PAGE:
16. The IBC device as claimed in claim 1, wherein
the MCU comprises
a receiver having a signal input terminal, being connected to the command receiver at the signal input terminal and receiving signals from the command receiver;
an ID register holding authorized commands;
a command register being connected to the receiver and the ID register, holding coded commands corresponding to the authorized commands in the ID register, comparing signals received from the command receiver with authorized commands in the ID register and transmitting the coded command when the signal corresponds to an authorized command in the ID register;
a command decoder being connected to the command register and further decoding coded commands received from the command register;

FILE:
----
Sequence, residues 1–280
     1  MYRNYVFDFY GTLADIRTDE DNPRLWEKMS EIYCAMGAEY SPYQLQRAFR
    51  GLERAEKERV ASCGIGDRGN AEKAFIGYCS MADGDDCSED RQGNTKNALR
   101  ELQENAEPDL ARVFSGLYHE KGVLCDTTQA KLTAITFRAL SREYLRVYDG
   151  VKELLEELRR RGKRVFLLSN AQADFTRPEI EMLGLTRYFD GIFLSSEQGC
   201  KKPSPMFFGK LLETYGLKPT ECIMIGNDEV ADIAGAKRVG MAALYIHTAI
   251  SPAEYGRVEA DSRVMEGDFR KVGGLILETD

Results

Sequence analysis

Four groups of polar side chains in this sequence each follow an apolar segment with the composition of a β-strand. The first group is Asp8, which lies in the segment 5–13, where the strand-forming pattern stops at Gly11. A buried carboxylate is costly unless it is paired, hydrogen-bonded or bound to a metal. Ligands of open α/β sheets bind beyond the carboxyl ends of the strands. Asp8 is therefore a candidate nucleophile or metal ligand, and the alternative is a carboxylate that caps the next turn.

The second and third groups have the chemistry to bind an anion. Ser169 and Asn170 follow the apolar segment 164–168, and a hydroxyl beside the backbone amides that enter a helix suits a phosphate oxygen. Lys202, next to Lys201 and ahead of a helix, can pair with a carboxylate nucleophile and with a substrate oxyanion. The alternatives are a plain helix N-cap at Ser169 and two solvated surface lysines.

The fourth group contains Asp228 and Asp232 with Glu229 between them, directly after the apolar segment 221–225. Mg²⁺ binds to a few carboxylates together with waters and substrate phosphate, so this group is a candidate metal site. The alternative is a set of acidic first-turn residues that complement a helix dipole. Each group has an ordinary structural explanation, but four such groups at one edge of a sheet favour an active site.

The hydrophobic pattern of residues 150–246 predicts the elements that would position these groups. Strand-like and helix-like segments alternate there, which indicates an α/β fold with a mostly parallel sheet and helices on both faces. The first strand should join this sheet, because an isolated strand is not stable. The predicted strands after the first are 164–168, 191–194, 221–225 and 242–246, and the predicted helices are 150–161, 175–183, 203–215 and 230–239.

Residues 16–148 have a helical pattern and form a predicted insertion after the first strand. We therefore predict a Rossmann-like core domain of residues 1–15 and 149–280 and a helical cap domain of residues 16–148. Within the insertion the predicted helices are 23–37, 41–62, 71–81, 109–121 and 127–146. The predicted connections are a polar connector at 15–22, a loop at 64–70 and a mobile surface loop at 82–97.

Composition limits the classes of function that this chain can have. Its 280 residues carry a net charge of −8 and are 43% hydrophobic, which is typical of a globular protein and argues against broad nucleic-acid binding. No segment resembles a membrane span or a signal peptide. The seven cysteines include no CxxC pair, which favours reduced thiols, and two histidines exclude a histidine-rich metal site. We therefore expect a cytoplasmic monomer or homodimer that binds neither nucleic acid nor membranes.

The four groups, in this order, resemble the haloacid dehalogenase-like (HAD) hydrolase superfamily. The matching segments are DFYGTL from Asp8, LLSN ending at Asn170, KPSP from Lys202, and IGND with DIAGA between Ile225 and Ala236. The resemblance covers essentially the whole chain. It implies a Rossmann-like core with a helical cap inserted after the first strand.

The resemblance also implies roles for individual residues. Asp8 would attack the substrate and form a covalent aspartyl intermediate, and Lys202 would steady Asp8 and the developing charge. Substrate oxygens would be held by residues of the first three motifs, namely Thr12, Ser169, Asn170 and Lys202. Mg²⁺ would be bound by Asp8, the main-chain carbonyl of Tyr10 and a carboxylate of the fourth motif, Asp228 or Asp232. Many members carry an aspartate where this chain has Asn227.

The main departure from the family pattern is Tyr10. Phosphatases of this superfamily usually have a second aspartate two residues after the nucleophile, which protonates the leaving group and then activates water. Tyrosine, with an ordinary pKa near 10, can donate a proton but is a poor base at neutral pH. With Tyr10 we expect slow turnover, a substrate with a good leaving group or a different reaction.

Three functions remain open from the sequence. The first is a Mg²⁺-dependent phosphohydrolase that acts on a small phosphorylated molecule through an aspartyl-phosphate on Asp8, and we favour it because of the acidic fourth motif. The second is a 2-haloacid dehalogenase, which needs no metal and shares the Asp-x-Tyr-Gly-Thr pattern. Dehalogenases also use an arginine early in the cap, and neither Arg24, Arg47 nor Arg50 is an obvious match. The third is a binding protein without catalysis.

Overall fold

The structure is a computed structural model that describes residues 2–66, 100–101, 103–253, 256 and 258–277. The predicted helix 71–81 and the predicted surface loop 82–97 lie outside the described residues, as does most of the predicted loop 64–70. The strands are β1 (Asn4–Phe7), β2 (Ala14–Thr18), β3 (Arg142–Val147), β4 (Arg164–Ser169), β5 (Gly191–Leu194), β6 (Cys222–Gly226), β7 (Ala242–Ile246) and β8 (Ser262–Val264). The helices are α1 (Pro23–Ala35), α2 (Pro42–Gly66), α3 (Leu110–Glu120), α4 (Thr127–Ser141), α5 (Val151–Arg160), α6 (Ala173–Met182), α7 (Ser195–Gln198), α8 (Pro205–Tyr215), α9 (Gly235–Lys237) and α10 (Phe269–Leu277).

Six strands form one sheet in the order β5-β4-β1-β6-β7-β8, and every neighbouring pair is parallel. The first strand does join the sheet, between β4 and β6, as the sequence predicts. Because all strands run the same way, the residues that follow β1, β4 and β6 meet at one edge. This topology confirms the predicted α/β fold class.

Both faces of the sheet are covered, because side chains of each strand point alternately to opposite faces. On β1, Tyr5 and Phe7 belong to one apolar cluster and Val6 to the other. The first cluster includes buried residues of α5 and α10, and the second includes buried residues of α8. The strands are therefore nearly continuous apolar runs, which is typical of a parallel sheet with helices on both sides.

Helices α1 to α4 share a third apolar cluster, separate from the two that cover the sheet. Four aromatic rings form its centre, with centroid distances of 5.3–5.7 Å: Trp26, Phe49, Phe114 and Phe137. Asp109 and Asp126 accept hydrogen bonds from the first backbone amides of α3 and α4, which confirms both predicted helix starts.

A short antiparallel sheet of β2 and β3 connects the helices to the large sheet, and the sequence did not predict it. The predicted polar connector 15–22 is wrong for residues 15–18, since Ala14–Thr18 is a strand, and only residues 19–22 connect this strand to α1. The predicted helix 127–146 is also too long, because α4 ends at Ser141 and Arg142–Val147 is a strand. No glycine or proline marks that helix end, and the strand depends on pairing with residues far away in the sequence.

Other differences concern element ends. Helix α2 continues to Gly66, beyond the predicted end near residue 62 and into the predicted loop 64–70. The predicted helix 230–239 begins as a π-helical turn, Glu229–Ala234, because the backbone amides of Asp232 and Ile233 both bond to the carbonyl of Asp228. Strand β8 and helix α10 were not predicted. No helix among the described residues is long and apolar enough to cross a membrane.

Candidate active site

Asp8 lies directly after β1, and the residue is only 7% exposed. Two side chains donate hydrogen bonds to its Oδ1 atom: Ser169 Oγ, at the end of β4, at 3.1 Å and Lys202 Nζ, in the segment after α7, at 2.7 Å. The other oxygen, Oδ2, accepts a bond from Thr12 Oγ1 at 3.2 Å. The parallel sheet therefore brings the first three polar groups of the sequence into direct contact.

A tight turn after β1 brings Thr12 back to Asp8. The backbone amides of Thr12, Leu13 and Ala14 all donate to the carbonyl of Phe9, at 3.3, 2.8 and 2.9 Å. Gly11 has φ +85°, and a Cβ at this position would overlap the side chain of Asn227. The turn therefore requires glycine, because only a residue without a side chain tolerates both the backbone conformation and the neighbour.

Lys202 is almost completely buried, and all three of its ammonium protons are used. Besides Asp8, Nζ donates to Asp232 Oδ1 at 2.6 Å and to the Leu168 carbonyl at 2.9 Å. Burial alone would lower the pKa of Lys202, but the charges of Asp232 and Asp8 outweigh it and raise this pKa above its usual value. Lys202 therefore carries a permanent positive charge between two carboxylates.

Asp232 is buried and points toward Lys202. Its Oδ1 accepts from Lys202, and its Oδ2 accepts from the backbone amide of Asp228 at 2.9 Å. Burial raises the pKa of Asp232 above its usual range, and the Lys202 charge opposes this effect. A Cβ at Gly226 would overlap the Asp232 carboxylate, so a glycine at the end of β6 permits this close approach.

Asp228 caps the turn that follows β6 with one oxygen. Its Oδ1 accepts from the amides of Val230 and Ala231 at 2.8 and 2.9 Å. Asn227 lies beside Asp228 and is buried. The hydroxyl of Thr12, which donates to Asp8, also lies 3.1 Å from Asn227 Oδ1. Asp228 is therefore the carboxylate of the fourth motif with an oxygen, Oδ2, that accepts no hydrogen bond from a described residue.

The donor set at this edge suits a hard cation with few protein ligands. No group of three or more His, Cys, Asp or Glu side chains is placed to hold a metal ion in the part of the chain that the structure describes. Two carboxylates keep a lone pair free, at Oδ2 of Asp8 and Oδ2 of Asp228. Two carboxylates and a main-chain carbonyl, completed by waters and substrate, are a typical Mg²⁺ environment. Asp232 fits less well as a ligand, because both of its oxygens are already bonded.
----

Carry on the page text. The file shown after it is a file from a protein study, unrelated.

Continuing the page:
a data converter and transmitter being connected to and enabled by the command decoder and having a data output terminal and a data input terminal;
a data converter control unit being connected to the instruction encoder and having an output terminal; and
the ADC is connected to the output terminal of the data converter control unit.
17. The IBC device as claimed in claim 1, wherein the data transmitter of the biomedical chip comprises
a ring-oscillator being operated to produce signals;
a buffer; and
a class-C power amplifier (PA).
18. The IBC device as claimed in claim 11, wherein the command receiver of the biomedical chip comprises
a low voltage amplifier (LVA) amplifies a received signal;
a cascaded gain amplifier is connected to the LVA and further amplifies the signal amplified by the LVA to form two amplified signals;
low voltage multiplier (LVM) is connected to the cascaded gain amplifier and multiplies the two amplified signals to form a multiplied signal;
a low pass filter (LPF) is connected to the LVM and filters the multiplied signal to form a DC signal;
a comparator is connected to the LPF and converts the DC signal output from the LPF to a digital signal; and
a buffer is connected to the comparator and holds the digital signal output from the comparator.